While base life was not dull, the men were there to learn to fly and bomb the enemy. With the arrival of more B-24 Liberators and five control tower operators on 22 June 1942, the fledgling base was prepared to launch training operations although only one of three runways was operable. Furthermore, the control tower did not have a clear view of the three runways and engineers were immediately summoned to tear down the tower and build another.[1]

The Army secured a bombing target range on 27 June 1942 when Clemson University reached an agreement with the War Department to loan 4,096 acres of its Experimental Forest near Lake Issaquena, northwest of Calhoun, South Carolina.[2] The Air Corps developed three ranges on the property: a practice range for high altitude bomb runs and a skip range on Lake Issaquena, where pilots could make low level runs to skip bombs off the water into a target, a tactic used against enemy ships. The third range was apparently never used.  Pilots dropped only 100-pound practice bombs rather than actual explosives.[3]

 The first combat training mission was launched 9 November 1942 when the 472nd Squadron flew to the Union Bombing Range on a simulated combat flight. The bombing missions continued for ten more days after bomber gunners trained to shoot down smaller, faster enemy fighters.[4] Bomber crews used their first live munitions at the Myrtle Beach Range 200 miles southwest of Greenville on the South Carolina coast.[5]

 A special training mission took place 9 February 1945 when eighteen Greenville bombers joined a host of planes from other regional bases in a joint “strike” on the Myrtle Beach Range. Greenville’s planes were selected to lead the attack and the mission was accomplished in record time with outstanding success.[6]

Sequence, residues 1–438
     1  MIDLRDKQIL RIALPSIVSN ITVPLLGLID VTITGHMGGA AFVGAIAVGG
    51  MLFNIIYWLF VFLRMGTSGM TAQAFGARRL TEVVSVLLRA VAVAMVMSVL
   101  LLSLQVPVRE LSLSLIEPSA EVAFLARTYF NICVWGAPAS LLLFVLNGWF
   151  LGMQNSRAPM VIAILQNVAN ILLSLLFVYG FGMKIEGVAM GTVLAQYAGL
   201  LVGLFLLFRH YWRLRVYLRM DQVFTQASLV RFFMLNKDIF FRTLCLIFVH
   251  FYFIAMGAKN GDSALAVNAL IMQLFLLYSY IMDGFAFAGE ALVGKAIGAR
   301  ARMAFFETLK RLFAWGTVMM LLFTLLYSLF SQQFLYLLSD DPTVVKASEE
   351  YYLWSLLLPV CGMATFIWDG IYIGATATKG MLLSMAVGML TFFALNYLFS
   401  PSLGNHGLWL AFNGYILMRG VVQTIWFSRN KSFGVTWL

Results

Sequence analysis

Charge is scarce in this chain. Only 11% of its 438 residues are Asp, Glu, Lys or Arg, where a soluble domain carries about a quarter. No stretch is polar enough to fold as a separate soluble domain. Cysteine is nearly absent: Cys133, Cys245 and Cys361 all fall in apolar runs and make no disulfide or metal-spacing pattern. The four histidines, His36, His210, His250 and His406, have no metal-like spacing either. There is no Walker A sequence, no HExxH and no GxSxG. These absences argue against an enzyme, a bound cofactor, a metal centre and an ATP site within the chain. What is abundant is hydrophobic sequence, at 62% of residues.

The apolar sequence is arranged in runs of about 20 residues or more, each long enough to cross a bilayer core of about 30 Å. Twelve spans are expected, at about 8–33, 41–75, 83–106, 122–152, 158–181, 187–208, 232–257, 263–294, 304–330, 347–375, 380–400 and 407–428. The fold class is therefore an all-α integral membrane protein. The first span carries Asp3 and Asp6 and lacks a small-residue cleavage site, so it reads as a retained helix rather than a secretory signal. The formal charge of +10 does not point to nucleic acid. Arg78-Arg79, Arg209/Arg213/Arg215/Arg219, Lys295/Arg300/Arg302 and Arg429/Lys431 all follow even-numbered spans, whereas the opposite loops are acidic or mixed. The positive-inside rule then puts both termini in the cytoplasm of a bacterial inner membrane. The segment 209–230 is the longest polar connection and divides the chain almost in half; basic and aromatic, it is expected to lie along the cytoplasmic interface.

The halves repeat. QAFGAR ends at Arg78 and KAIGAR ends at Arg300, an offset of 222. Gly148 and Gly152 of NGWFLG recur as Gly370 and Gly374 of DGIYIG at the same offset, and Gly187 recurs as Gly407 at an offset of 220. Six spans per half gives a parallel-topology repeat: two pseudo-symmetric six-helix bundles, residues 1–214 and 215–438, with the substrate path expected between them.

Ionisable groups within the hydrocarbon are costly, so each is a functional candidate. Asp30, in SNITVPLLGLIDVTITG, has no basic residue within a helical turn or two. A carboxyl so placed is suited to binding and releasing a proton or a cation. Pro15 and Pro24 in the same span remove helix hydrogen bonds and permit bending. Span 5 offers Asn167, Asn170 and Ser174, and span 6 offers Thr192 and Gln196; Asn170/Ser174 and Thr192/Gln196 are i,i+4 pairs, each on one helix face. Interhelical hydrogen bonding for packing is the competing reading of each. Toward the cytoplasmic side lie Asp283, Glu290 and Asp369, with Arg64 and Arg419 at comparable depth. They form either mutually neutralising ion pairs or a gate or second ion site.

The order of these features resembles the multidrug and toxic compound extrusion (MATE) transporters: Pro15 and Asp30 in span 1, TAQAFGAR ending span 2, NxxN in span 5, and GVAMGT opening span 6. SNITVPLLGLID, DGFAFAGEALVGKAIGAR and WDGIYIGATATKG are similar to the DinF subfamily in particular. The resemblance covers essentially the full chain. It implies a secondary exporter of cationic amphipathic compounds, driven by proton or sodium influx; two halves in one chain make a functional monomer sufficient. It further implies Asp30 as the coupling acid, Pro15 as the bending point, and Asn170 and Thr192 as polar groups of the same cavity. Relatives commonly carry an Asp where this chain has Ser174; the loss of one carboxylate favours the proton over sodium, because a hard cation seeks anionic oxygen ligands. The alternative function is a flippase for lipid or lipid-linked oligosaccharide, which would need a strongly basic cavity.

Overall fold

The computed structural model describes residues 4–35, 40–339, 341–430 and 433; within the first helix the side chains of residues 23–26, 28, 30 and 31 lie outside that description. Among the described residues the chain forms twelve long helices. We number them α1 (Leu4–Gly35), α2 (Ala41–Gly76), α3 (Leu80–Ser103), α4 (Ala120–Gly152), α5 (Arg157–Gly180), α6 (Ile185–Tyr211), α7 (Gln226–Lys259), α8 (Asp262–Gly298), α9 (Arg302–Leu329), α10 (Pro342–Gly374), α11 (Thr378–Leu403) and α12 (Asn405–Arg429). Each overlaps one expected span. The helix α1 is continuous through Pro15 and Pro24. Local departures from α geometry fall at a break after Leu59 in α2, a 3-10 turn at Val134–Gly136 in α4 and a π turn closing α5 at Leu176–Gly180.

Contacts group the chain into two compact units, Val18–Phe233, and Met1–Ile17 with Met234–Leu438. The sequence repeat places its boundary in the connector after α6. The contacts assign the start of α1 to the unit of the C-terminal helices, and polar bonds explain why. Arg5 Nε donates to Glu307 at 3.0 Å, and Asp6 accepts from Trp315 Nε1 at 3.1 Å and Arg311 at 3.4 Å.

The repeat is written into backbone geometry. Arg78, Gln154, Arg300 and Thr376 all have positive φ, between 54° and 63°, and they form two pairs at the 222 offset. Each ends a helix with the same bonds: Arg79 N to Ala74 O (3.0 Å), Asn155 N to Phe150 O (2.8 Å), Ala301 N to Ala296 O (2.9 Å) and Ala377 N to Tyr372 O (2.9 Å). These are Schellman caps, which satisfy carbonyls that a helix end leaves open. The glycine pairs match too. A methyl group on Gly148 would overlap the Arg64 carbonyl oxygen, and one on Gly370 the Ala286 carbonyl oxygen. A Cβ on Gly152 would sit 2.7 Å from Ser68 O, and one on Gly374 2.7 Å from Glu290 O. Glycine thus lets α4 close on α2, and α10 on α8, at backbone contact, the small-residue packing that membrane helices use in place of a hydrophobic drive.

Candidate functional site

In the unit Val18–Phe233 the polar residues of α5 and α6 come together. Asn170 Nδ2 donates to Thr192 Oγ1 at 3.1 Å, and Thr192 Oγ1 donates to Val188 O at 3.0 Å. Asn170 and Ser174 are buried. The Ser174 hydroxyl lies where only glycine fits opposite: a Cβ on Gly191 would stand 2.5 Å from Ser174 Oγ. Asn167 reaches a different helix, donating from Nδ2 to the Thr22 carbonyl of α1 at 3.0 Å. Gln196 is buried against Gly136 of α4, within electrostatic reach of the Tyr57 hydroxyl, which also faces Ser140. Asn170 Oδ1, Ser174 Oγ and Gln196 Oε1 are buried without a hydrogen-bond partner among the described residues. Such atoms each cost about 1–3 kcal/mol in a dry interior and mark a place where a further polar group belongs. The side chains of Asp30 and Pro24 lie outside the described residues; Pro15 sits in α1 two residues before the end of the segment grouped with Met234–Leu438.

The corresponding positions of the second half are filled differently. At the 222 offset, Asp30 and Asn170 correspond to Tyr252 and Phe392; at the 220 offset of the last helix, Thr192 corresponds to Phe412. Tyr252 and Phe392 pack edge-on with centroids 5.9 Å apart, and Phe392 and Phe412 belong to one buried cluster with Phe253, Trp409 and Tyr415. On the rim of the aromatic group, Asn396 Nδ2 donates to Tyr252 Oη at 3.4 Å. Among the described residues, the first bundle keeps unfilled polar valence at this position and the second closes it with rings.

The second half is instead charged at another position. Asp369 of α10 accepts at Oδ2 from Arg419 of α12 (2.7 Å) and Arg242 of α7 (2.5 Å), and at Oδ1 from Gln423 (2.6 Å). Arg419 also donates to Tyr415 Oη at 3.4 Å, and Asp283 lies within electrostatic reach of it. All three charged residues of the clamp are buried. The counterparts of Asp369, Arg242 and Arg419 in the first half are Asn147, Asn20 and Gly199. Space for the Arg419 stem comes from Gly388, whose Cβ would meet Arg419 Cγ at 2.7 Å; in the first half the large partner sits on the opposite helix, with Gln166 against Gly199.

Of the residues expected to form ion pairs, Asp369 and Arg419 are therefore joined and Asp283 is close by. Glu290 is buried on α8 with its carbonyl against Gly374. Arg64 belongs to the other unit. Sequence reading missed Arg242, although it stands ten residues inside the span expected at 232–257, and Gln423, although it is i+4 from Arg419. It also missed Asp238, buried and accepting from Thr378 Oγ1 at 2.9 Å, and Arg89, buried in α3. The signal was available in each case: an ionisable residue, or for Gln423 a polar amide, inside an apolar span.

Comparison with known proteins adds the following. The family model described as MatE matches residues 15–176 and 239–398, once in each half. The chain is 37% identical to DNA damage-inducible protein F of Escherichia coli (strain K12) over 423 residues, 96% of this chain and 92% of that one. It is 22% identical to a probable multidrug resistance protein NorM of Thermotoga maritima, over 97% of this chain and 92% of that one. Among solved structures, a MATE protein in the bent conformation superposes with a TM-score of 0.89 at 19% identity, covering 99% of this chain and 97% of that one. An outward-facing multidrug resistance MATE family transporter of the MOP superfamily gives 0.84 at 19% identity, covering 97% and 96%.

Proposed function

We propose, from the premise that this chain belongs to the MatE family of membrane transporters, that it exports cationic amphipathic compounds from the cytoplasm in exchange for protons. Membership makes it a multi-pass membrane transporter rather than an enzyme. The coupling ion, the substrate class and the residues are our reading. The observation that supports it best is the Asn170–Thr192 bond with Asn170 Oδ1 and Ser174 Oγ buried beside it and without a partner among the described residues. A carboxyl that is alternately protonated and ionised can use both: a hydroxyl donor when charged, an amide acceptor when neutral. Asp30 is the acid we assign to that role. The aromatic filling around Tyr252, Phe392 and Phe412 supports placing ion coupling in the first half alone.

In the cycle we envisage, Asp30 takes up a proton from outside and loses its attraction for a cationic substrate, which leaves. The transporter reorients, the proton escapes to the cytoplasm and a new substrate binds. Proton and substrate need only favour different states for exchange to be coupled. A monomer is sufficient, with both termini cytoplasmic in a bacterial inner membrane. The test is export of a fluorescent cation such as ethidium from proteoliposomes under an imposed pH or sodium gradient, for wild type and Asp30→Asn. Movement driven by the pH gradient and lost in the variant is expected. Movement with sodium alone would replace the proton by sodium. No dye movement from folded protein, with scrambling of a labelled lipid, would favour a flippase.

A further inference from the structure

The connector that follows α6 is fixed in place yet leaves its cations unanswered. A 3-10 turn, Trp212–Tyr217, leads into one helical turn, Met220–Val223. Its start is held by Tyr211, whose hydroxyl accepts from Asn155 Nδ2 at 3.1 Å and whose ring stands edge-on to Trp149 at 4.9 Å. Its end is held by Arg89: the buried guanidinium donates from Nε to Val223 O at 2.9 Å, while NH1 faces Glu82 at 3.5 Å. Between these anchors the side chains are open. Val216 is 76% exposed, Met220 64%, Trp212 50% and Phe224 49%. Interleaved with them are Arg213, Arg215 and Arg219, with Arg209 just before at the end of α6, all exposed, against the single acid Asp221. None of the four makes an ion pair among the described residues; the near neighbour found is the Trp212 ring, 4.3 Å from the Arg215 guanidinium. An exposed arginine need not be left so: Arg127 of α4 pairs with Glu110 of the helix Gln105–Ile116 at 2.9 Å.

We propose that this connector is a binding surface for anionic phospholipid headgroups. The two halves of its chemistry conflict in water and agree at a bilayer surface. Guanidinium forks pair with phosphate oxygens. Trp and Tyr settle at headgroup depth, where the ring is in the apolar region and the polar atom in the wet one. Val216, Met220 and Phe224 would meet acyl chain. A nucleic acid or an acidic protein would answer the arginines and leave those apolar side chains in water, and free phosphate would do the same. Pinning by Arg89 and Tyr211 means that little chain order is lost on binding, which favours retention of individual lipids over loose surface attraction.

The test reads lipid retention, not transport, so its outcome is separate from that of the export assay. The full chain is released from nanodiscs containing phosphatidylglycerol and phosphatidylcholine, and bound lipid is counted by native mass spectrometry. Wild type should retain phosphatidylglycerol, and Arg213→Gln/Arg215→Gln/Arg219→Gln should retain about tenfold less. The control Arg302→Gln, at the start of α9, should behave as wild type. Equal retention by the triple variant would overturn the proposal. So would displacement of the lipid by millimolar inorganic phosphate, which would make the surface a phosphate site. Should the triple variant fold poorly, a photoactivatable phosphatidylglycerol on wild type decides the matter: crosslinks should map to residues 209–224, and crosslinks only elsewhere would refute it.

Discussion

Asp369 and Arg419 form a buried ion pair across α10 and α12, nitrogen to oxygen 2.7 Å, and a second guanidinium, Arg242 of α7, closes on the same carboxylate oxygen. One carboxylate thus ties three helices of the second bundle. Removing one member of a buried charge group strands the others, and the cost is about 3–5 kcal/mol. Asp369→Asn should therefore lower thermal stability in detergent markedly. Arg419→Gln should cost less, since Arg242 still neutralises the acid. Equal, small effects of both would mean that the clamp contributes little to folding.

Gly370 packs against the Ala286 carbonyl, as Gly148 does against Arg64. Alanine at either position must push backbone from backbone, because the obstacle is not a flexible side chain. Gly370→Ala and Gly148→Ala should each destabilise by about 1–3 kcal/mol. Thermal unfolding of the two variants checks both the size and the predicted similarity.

As the Allied forces closed in on Berlin, the demand for trained bomber crews increased. March 1945 was remarkably busy for GAAB and the good flying weather allowed the base to keep sixty-six bombers flying daily.[7]

[1] Operators sent from Fourth Airways Communications Squadron. Ibid., 1, 39.

[2] Bombing Range Road is still located off of State Highway S-39-291.

[3] Skip bombing was also used against Nazi dams. Interview with Dr. John Matzko, 5 April 2011.  In 2006, the site was inspected by the United States Corps of Engineers for the purpose of “discern[ing] the presence or absence of munitions and explosives.”  The range was used throughout the war and closed in September 1945. Additional bombing ranges were later constructed in Union and Myrtle Beach, South Carolina. Clemson University, S.C., “Issaquena Bombing Range” Clemson University Archives, http://clemsonwiki.com/wiki/Issaqueena_Bombing_Range (accessed 12 March 2011.

[4] HGAAB 99-100.

[5] During this time, the other two runways were finished; once useable, B-24 Liberators could be parked dispersed—the original intention of the wide runway design. The Army Air Corps had failed to find a safe location near Greenville, but, Myrtle Beach provided the seclusion and safety needed. There was apparently some difficulty getting the crews to Myrtle Beach and accommodating them so far from Greenville, but the hardship paid off because the range became one of the finest live ordinance bombing ranges in the United States. 334th Bomb Group History, November 1942.

[6] HGAAB 4, 36, 3. 

[7] Flight time in March increased 3,000 hours since February. Ibid., 4, 37, 1. In an effort to maximize efficiency, the base flight schedule was set at 07:00. Daylight savings time allowed extra flights to be scheduled. In addition to the sixty-sixty planes per day flying over the base, fifty-two per day were sent on flights outside Greenville. There was a significant increase in flight crews sent to Europe that month; sixty-one crews were sent—ten more than in February.  Ibid., 4, 37, 2.


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